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Kingsman-The-Secret-Service-review

Kingsman is a reinvention of the James Bond concept, based on a comic book by Mark Millar and Dave Gibbons. The story’s focus is on Eggsy, a young British man whose life has not turned out as he would have liked. Primarily his mother is brutalized by a brute in the estates. Eggsy ends up in trouble with the law but calls in a favor from a mysterious man who visited the family after the unexplained death of Eggsy’s father. It turns out his dad was part of a secret society of gentlemen who fight against global threats. Eggsy is enrolled in the program and must see if he can pass an increasingly deadly series of tests. Meanwhile, Galahad, the man who is now mentoring Eggsy, discovers a plot to wipe out humanity and must race against the clock to stop it.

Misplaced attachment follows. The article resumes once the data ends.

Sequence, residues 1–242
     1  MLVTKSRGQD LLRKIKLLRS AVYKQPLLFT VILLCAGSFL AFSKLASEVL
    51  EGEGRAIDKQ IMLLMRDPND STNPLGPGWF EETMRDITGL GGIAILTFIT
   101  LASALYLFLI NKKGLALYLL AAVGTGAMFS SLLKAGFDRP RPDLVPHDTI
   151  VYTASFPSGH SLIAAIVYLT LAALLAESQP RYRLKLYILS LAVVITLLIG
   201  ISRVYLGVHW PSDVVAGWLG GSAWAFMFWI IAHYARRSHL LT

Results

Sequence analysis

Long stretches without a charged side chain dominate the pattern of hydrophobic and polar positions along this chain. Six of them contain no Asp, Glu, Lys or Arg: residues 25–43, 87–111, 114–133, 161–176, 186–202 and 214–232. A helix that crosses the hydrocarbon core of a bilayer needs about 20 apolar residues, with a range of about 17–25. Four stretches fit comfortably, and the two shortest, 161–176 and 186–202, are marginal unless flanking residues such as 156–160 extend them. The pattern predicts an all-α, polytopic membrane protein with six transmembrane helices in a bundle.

I’ve had fairly positive feelings about the work of director Matthew Vaughn. I am a big fan of X-Men: First Class, it is without a doubt the best X-Men film we’ve had to date. I enjoyed his debut feature Layer Cake and Stardust was alright. I am not a fan of Kick-Ass which brings us to Mark Millar. Mark Millar is a comic book writer I’ve had very mixed feelings about. His Kick-Ass comics, and most of his more recent titles, have been way too mean-spirited for my personal tastes. His Marvel works has ranged from wonderful (Old Man Logan) to mixed (Fantastic Four) to outright terrible (Marvel 1985). There’s just a little too much irony in everything he writes, but occasionally he will come out with something that subverts my ideas. Kingsman seems in line with most of what Millar writes, but I think Vaughn’s work with the material is what elevates it.